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Subscribe to this list via RSS Blog posts tagged in Winter Solstice

Posted by on in SageWoman Blogs

“Beginnings and endings are so very sacred, to give honor to all that has transpired, every experience, every joy, every pain, is a doorway to the magical. Hold your entire year between your hands, every day, every thought, every breath. Now bless it with gratitude, love and humility. You have done more to transform this new year than a thousand resolutions.” 

 –K. Allen Kay

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Winter Fires: A Solstice Story in Two Parts

Part One

Lily pulled on her warmest coat and snow boots, ready for an adventure outside. Snow had been falling for several hours and she loved the quiet that descended when the ground was blanketed in fluffy white snow. Even the coziness and warmth of her cottage could not entice her to stay inside and miss the chance of walking at sunset through the woods that bordered her home.

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Recent Comments - Show all comments
  • Robin Fennelly
    Robin Fennelly says #
    Thank you!
  • Tasha Halpert
    Tasha Halpert says #
    Sweetly written and much appreciated. looking forward to the next installment. Thanks! Solstice Blessings, Tasha

Posted by on in SageWoman Blogs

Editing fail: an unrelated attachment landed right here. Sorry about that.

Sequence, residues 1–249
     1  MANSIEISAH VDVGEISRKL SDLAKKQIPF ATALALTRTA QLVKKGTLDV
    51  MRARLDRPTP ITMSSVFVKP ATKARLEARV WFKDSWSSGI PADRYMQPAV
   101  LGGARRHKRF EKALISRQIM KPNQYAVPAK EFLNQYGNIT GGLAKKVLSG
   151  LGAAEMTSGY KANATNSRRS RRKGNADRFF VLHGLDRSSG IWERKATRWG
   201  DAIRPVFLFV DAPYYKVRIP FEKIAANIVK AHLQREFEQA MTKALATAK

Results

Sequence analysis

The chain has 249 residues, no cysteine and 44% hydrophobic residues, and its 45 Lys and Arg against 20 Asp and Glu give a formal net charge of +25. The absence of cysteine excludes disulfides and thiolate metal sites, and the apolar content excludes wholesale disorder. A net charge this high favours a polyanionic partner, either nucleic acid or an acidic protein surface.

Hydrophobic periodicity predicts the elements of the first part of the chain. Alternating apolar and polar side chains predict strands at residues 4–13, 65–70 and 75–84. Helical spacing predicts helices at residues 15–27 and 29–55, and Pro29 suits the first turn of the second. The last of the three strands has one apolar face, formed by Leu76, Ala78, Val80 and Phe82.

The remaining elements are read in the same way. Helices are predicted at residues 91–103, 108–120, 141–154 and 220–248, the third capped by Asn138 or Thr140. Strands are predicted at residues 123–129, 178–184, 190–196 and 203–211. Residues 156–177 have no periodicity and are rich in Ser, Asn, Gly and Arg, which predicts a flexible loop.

“As candles burn and bells jingle, b2ap3_thumbnail_47491592_2230010993877777_8518271185765531648_o.jpg
Remember the dark and the quiet.
They are the reason for the season,
And should be held as dear.”

—Kay Holt

As I have noted in other recent posts, the bustle of the winter holiday season often seems completely at odds with the natural inner pull towards quiet and stillness in the winter. December offers us a quiet invitation for stillness and contemplation.

How do you balance the twin pulls of the season? The go and do in the sparkling lights with the withdraw and hibernate in the dim cave?

One way I have been coping, perhaps counterintuitively, is by making sure I do things that I "don't have time" to do. Sometimes that sensation of not having time is the most reliable indicator there is that you
need exactly what it is you are saying you don't have time for!  Those are often the very things that replenish my spirit and leave me smiling. 

I've continued to go semi-regularly to a yin yoga class in a nearby town. Even though I practice yoga by myself every b2ap3_thumbnail_47681849_2231842440361299_610620843411636224_o.jpgmorning and have for eighteen years, it is really nice self-care treat to go to this class.